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The Financial Express

South China Sea dispute

| Updated: October 24, 2017 11:36:32


South China Sea dispute

I was a bit surprised to read a letter to the editor in The Financial Express of June 27 written by Lauren Arce, Information Attaché of the Philippines Embassy in Dhaka. In the letter she has expressed her concern regarding Sayed Kamaluddin's opinion piece on "G-7 Summit, China and rising global tensions." Ms. Arce went on to say that Mr. Kamaluddin has some misconceptions regarding the maritime disputes in the South China Sea in regard to Philippines' position. Then she cited some facts.
The ongoing maritime spats between China and the Philippines is finally coming to an end as the United Nations Convention on the Law of the Sea (UNCLOS) is all set to pass a final ruling on the matter in a few week's time. Experts are saying that if there is a favourable outcome in the arbitration case, the Philippines' incoming president Rodrigo Duterte will have to decide what he is going to do. As a self-proclaimed 'socialist' who is linked with the Philippines' communists, he is not likely to confront China on such issues. He has already dubbed Xi Jinping a 'great leader.' I have also read that Dutrete is very sceptical about the role of Washington in safeguarding the Philippines' interest. US has always claimed that the Philippines is its great ally, and the latter continues to enjoy uninterrupted benefits as a result of the continued friendship. Some critics are apprehensive that Duterte might compromise on Philippines' dispute with China in course of his negotiations with China in an effort to seek Chinese help to upgrade and rebuild its infrastructure system.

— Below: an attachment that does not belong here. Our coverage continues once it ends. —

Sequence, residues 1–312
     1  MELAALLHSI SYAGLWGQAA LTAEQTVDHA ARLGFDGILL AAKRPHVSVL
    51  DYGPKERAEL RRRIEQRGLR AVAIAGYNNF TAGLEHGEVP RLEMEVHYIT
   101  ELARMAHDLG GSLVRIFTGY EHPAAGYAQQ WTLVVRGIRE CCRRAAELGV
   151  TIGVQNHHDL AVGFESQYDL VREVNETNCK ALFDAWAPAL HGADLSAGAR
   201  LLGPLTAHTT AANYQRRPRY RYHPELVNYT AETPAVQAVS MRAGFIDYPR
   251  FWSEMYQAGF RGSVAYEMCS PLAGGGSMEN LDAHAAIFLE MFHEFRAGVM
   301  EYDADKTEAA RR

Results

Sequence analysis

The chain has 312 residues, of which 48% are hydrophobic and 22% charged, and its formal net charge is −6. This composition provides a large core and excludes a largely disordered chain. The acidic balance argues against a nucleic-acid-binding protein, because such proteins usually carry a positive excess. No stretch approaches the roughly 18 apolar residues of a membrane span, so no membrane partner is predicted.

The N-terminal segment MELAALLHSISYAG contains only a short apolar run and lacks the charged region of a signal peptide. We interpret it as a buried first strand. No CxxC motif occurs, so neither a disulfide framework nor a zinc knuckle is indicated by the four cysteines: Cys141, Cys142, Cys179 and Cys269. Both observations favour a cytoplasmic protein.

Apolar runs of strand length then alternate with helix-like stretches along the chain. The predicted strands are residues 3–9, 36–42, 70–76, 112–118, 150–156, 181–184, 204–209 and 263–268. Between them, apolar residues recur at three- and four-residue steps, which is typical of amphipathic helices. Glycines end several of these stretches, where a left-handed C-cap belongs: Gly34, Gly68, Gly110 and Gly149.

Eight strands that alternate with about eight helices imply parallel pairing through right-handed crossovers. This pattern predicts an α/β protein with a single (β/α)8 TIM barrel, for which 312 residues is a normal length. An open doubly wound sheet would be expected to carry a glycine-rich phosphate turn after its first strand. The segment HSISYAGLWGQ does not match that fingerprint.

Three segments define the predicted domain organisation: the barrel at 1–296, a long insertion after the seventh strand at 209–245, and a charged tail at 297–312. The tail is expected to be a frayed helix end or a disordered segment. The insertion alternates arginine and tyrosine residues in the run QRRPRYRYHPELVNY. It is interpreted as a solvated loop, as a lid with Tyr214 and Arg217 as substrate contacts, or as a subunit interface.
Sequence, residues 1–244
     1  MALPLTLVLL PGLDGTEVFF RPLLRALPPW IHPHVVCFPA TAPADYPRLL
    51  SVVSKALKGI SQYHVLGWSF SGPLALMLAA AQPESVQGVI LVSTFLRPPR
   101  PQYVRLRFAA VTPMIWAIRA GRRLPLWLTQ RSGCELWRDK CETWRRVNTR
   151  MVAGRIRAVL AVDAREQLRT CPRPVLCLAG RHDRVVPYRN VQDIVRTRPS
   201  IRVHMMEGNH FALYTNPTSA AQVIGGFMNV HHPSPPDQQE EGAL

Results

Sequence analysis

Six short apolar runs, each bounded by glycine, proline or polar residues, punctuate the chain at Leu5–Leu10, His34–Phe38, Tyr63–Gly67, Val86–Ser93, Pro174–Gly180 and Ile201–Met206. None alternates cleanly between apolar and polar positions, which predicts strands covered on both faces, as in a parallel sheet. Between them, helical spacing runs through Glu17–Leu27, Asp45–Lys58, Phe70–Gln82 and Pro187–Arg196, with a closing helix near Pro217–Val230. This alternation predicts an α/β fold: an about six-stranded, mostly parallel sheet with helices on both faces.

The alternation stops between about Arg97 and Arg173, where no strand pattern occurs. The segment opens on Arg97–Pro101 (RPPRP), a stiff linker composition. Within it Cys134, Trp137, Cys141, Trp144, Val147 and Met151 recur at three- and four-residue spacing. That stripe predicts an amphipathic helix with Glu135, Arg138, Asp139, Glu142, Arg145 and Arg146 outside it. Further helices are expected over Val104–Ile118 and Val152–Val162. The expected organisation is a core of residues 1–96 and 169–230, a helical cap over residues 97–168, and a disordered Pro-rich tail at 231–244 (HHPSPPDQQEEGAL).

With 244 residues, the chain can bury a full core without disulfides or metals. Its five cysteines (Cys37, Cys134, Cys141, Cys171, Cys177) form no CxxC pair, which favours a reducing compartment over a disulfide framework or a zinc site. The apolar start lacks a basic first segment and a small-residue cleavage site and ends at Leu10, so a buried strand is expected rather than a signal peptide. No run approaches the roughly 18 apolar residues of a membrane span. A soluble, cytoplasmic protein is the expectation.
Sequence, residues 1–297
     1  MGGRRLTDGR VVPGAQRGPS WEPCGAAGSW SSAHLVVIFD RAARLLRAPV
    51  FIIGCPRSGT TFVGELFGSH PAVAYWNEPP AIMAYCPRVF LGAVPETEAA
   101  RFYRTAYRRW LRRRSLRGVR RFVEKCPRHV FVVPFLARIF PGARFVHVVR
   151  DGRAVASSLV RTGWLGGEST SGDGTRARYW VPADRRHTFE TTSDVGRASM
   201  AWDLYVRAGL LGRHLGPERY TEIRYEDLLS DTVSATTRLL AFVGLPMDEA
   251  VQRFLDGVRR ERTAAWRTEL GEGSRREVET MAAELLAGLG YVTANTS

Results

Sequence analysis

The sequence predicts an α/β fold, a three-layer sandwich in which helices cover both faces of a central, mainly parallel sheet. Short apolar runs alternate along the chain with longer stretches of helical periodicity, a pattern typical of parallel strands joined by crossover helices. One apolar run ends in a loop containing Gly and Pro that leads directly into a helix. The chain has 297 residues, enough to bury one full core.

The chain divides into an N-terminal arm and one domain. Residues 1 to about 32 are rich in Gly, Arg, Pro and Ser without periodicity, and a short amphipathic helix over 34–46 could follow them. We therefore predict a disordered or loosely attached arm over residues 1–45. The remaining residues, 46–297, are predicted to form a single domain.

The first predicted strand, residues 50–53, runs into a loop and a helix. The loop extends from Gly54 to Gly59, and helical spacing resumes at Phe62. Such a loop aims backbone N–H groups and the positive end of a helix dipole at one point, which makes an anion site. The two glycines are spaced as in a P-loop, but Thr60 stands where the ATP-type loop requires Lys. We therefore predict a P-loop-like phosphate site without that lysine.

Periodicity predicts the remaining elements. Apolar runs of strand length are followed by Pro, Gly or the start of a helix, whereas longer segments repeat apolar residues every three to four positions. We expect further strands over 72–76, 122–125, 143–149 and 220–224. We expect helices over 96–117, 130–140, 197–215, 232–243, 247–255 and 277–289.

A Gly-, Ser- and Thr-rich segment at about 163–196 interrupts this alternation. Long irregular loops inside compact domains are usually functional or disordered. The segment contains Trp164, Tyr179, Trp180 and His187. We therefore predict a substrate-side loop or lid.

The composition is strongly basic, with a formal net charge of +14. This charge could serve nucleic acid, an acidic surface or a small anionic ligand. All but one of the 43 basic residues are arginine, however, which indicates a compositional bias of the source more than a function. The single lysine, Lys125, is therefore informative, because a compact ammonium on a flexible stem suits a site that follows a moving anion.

It is hard to say what exactly Duterte will do until the court makes its ruling. But people in the Philippines are concerned that China will have the upper hand.
Nusrat Jahan
4121 Nebraska Ave
Washington DC, USA

 

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